methoughtful Victoria Atkins is a junior Minister at the Home Office, and it is my profoundly expressed preference that she should never be made senior in any capacity beyond tea lady. I would be slightly concerned even in that metier in case her beverages might be frequently too weak, too strong, too sweet or too bitter; but chiefly, I’d worry that within days the only teabags on offer would be camomile and nettle with Hornet Honey.

Ms Atkins wants economic abuse in the home to be a criminal offence. Having quite rightly put a line through hitting, threatening, rape and sex with the kids, she is now determined that pointing out how one’s partner overspends the budget every bloody week without fail (and wants a gardener as well as the au pair, cleaning lady, mindfulness coach and personal trainer) should earn the “abuser” some time at Her Majesty’s pleasure.

Ms Atkins is clearly of the opinion that the Home Office is so-called because it’s mission is to be interfering in 100% of UK homes by 2025. I have never attacked or hit a woman; I thwacked my first wife with a cushion once, after she told me that, for the last year, she’d been shagging a bloke I detested and everyone knew but me. Women who hit men and vice versa should (in my very simple world of Gilbert & Sullivan justice) have ‘COWARD’ tattooed on their foreheads, always assuming there’s any room left after the existing body art has been taken into account.

Ms Atkins says that “all homes should be places of love, devotion and warmth” and I’m with her all the way on that. The problem is that ‘should be’ will never be ‘are’: but it was clear from her patient, patronising, whiney, cut-glass, empathetic and altogether violence-inducing Tory pc tone of delivery that Ms Atkins will not rest until every spat, crossed word, profanity and bit of thrown crockery is related to already swamped magistrates on a weekly basis as evidence of brutal slavery.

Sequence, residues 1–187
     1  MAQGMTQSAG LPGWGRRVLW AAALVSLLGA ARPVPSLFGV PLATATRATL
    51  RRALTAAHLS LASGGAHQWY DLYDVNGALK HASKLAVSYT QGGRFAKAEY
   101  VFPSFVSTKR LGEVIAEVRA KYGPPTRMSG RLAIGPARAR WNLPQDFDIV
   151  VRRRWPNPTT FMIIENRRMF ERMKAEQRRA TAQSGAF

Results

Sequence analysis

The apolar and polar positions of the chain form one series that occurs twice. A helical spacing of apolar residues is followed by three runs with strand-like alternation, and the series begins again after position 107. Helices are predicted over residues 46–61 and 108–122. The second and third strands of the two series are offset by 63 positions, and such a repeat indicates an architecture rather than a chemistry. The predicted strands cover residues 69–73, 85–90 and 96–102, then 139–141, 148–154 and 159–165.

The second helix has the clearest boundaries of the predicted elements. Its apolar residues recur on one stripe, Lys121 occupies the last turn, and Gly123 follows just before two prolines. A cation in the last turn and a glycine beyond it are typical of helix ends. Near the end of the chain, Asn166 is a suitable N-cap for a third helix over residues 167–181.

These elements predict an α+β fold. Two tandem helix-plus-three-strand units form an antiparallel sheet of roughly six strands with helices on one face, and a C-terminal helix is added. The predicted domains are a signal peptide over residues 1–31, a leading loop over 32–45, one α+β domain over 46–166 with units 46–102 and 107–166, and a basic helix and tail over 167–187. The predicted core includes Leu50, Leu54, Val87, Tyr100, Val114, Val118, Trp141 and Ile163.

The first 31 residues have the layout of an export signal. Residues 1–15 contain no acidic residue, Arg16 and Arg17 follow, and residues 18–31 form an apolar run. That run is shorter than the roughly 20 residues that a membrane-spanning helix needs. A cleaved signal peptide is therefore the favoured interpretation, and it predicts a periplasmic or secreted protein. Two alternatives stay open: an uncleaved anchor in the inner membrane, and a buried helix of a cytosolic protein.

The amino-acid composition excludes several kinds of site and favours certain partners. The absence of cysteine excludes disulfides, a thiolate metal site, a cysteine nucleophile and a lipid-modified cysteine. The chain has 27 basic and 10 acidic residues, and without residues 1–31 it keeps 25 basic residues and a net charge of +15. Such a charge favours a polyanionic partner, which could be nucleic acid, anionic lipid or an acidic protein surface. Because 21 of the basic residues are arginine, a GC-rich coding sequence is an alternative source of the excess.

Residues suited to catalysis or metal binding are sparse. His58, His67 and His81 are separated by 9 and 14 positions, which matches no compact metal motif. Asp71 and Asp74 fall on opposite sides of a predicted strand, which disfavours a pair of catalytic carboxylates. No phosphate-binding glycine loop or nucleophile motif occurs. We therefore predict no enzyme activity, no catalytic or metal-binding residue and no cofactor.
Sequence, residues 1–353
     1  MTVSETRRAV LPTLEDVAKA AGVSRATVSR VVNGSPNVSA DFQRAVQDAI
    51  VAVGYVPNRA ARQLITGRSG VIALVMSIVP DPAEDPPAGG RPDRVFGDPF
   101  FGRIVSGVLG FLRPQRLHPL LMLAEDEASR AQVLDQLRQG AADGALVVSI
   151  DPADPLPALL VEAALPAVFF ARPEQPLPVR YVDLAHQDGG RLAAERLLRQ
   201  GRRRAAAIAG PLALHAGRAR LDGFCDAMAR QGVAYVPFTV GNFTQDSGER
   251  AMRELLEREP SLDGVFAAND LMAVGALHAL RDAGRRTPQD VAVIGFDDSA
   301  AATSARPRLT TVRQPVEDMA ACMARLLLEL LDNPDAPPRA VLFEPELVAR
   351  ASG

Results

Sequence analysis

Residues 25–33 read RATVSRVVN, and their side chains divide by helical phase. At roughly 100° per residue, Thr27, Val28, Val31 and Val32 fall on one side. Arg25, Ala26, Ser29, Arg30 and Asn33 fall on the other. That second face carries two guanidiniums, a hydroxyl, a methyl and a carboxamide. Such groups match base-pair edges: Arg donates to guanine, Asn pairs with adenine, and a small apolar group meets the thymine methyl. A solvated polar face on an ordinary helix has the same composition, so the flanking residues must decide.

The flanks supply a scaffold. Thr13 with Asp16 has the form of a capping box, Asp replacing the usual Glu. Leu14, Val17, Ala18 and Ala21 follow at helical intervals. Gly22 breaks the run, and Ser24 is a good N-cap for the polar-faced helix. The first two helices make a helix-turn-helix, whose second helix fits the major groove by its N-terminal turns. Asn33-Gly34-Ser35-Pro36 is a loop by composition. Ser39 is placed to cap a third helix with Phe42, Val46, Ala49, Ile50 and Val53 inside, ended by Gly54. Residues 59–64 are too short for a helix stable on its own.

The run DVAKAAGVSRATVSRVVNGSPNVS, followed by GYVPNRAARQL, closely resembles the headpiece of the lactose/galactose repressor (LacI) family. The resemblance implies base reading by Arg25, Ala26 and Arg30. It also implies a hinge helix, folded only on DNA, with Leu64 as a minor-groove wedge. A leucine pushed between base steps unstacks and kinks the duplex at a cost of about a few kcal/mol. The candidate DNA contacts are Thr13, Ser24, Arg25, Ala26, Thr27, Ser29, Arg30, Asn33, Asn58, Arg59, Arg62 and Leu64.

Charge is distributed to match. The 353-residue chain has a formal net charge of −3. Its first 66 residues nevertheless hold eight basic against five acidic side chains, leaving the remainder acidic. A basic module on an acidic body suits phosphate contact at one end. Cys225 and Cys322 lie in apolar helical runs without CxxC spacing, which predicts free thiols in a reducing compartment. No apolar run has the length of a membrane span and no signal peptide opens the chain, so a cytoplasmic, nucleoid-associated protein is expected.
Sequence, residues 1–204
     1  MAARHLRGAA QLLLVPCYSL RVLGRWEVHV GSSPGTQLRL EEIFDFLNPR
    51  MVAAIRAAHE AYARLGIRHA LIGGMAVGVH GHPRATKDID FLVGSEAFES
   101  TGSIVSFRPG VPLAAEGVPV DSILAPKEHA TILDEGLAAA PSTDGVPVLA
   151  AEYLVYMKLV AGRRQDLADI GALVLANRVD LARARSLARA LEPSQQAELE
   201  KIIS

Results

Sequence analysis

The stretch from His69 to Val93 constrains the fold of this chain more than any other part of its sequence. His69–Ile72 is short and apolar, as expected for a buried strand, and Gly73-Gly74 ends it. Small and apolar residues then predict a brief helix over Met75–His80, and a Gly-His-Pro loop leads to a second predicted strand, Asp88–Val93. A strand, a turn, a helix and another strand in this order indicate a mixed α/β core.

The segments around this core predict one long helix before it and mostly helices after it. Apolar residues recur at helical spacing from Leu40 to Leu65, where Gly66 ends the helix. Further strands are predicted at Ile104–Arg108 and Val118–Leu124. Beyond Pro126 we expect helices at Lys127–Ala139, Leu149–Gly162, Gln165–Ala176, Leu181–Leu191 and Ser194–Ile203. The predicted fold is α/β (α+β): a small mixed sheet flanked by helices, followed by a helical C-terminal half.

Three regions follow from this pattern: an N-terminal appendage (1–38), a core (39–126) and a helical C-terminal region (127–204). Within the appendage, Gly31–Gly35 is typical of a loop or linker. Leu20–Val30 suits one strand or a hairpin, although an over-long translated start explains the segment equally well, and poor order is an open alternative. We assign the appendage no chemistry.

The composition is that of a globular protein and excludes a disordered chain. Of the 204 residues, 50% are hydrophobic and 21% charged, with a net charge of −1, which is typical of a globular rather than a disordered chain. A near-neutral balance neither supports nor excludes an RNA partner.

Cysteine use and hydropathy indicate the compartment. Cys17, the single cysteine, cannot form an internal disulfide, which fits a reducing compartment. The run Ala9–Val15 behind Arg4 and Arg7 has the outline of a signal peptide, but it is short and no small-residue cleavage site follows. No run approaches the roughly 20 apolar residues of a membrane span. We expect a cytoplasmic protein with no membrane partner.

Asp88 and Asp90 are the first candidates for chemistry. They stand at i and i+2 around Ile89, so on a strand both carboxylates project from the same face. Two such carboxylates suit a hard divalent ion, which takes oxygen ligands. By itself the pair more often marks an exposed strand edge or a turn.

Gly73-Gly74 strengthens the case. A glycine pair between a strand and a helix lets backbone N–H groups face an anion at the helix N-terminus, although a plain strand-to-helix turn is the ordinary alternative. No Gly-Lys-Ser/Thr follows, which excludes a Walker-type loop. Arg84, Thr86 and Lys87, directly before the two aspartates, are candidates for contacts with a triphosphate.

We live in economic times where (putting exaggeration to make a point behind me for the rest of this post) there are going to be resentments, frustrations, tiredness and downright anger about shortages of money and/or one partner’s perceived inability to take responsibility for his or her thoughtless expenditure. But only a Tory could ignore her Party’s strong implication in that state of affairs, and then compound the crime by wanting the resultant verbals to be criminalised. Fine: hitting anyone, beating the kids, kicking the pets – in fact any form of persistent bullying – and I would be first in the queue for the branding iron to forehead application.

But for fuck’s sake Victoria Atkins you self-obsessed nitwit, most of this is not the State’s business and will only encourage the totalitarians among us.

I apologise for calling Atkins a nitwit. That was unfair. She spent the rest of the interview proving me quite wrong. She is in fact a badly-wired android. For the Sky anchor was foolhardy enough to ask our Vicky what her opinion was on Brexit. She didn’t have one, but she got 99.3% on saying “Mrs May is taking this step by step, and after we’ve taken those steps things will become clearer”. Far from being discouraged by such a mindless response from an elected representative, the anchorette persevered and asked what Atkins felt about dumping the Irish backstop. We’d have to wait and see, she said, her dopily inclined head nodding as she spoke a dialect of Bromide we know all too well.

Listen, if it walks, talks, thinks and nods like an android, chances are it’s an android. Victoria Atkins is perhaps the world’s first example of artificial imbecility. 

And so the day meanders on its less than merry way (today is after all officially Blue Monday) as the lumbering giant Sky switched anchors to the lumbering form of Adam Boulton – a man turning himself into a political heavyweight via the medium of scoff.

I worry about Adam. His eyes are disappearing, and it’s becoming difficult to spot the point at which chin becomes neck. Unlike Boris (whose new love has coaxed him into shedding a couple of stone) Adam seems to be piling it on with abandon. He is rather posh (or sounds that way at times) and I am sometimes left wondering if he might be better presented as Adam Bolting-Itton. Either way, he interviewed three more MP deadheads before handing over briefly to Robert Powell aged fourteen and a quarter outside Downing Street.

While Mr Boulton seems on the one hand to be engaged in trying to win the World Fathead Challenge, young Powell has an upper lip suggesting he’s trying to grow something through the little skin he’s got. The last thing Robert should ever do is put on weight, for were he to do so, his attempt to pass puberty would be doomed to failure. I imagine Adam, on the other hand, hasn’t shaved since 2004: the facial flesh is expanding at a faster rate than even the darkest beard could match.

Onwards, upwards and in Boulton’s case, outwards. More later.